A PROJECT OF THE UNIVERSITY OF CALIFORNIA IRVINE NEWKIRK CENTER FOR SCIENCE & SOCIETY,
UNIVERSITY OF MICHIGAN LAW SCHOOL & MICHIGAN STATE UNIVERSITY COLLEGE OF LAW
Approximately 65 people in Benton Harbor, Michigan had their convictions vacated after two city police officers were said to have falsified search warrants, seized money and planted drugs.
Between 2004 and 2008, the two officers who comprised the narcotics unit of the police department in Benton Harbor, Michigan, falsified search warrants, planted drugs on suspects, and seized money from the men and women they arrested. The officers also embezzled funds from the department. Although precise records are not available, the officers wrongfully arrested approximately 85 people for drug possession and related crimes. According to the local district attorney, the court dismissed charges for about 20 of those people and vacated convictions for about 65 others after the misconduct by the officers came to light.
Officer Andrew Collins had joined the police force in 2003 at the age of 21. Two years later, he began working narcotics cases on his own. A year later, Corporal Bernard Hall Jr. joined him as the unit’s supervisor. There were some questions about Collins’s aggressive tactics almost from the beginning, and leaders saw Hall, a former school-resource officer, as someone who would be a steadying influence and make sure Collins followed the rules.
Narcotics officers gather information in several ways. They can get tips from confidential informants. They also can use those informants to make controlled buys. Both practices generate information used in search warrant applications.
Collins admitted that he planted drugs on at least one defendant prior to Hall becoming his supervisor. He stated, however, that the more systematic misconduct began after they became a team. He said the illegal warrants began when they received tips on drug activity from people who were not signed up and did not want to be vetted as confidential informants. That made the tips less trustworthy. Collins and Hall falsified the warrants by attributing the tips to a properly verified confidential informant, shortcutting additional investigatory work needed to verify the information. Sometimes, as in the case of Omar Boyd, the officers lied about the amount of drugs they had recovered.
Omar Boyd said Officer Andrew Collins stopped him in February 2005 for having tinted windows. Collins asked him to get out of the car and inquired whether he had any drugs. Boyd admitted to a small amount of marijuana. Collins searched the car and found about 14 grams, approximately one-half ounce, which was a misdemeanor. Another officer came by and suggested that Collins just let Boyd go. But Collins took Boyd to jail, and then a short while later reported finding 56 additional grams of marijuana. This increased the offense to a felony. Although Boyd knew that marijuana wasn’t his, he also knew the court would balance his word against Collins’s. He pled guilty and was sentenced to a year in prison. It is not clear whether his conviction was vacated, although he reached an undisclosed settlement with the City of Benton Harbor.
In August 2006, Collins and Hall saw David Moss riding a bicycle in downtown Benton Harbor. He had an outstanding warrant, so the officers approached him. As they approached, they allegedly saw Moss throw a bag under a car. Hall retrieved the bag and identified many smaller bags of crack in it. Moss asked to make a deal. Moss was never arrested. He was sent on his way, and the bag of drugs ended up in a Crown Royal bag under Collins’s desk. Moss subsequently helped the officers arrest Benny Newman, who was convicted and sentenced one year in prison for drug possession in 2006 before his conviction was vacated.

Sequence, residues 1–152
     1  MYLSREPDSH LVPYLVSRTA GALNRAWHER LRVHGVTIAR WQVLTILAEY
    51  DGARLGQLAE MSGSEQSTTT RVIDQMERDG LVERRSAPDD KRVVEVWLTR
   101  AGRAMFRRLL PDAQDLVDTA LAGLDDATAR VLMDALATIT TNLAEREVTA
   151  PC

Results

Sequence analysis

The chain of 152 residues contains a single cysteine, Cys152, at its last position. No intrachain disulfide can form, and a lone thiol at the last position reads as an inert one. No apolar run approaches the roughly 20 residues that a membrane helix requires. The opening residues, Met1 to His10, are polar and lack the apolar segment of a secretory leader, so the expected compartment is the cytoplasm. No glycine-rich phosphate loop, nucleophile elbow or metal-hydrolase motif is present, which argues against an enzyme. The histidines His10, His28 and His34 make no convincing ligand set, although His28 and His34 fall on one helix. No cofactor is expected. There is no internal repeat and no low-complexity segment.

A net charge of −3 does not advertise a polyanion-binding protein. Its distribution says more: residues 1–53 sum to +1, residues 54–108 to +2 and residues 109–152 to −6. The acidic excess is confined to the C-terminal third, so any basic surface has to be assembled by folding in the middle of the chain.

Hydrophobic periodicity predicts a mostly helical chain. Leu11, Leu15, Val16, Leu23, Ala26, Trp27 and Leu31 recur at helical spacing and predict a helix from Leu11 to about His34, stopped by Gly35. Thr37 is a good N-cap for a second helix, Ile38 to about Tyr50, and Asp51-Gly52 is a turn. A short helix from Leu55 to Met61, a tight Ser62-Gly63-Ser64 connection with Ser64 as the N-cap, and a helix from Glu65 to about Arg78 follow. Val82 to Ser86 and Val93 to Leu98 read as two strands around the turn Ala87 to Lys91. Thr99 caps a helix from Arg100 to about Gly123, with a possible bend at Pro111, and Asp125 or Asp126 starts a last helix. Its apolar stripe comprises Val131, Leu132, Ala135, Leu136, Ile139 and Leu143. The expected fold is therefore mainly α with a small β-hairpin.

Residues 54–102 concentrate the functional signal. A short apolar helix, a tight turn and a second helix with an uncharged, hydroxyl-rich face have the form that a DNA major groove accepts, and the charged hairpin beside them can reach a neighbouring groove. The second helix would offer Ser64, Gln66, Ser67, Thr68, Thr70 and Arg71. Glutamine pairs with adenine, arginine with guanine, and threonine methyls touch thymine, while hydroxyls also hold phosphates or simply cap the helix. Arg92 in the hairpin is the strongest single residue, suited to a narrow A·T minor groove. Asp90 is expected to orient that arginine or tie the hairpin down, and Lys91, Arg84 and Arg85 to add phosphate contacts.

Those drugs formed the seed corn for future misconduct. Collins would take small amounts of the crack – and eventually other similarly seized drugs – and report that they had been purchased in a controlled buy. The crime lab confirmed the contents, and Collins would submit the evidence in search warrant applications. Collins later insisted that these false buys were just a way to get in the door and never constituted the substance of a case. But that was not true. The officers at times even planted drugs on suspects to make arrests.
The officers applied for and executed approximately 90 falsified search warrants before their misconduct was uncovered. Many of the defendants had previous convictions for drug crimes, and most pled guilty quickly to avoid the risk of a higher prison sentence at trial. Several defendants, such as Jeffrey Carter, vigorously contested their charges and sought to suppress the evidence gained through the search warrants. In the case of Paul Williams, Collins lied on the witness stand during testimony about what he had observed during surveillance.
Jeffrey Carter was arrested in March 2007 after Officer Andrew Collins said in a search-warrant application that a confidential informant had bought crack at Carter’s house. When Collins and Officer Bernard Hall Jr. raided the house, they said they found 100 grams of cocaine. Carter’s case was serious enough to be handled in federal court. Carter’s attorney moved to suppress the evidence, challenging the search warrant. The assistant U.S. attorney prosecuting the case asked to meet with the officers’ informant. Collins and Hall pushed back, knowing there was no such informant, and the prosecutor eventually relented, vouching for the officers’ credibility before the court. At an evidentiary hearing, Collins and Hall both falsely testified about the controlled purchase. The defense motion was denied, and Carter pleaded guilty and was sentenced to 11 years in prison. The court vacated his conviction in February 2009.
Just before Officer Andrew Collins was arrested in January 2008, he had testified at the trial of Paul Williams, who was arrested in October 2007 and charged with possession of cocaine. Williams said Collins and Hall planted the drugs at his residence and lied in an effort to seize his vehicle under civil forfeiture laws. Collins later admitted that he lied on the witness stand when he said that he had seen Williams driving the car during the surveillance period.
“I knew Bernard [Hall] wouldn’t have known that because I had just made it up on the stand. So while there was a break, I told Bernard what I had said so that he may, if they asked him, he would know what I had said.”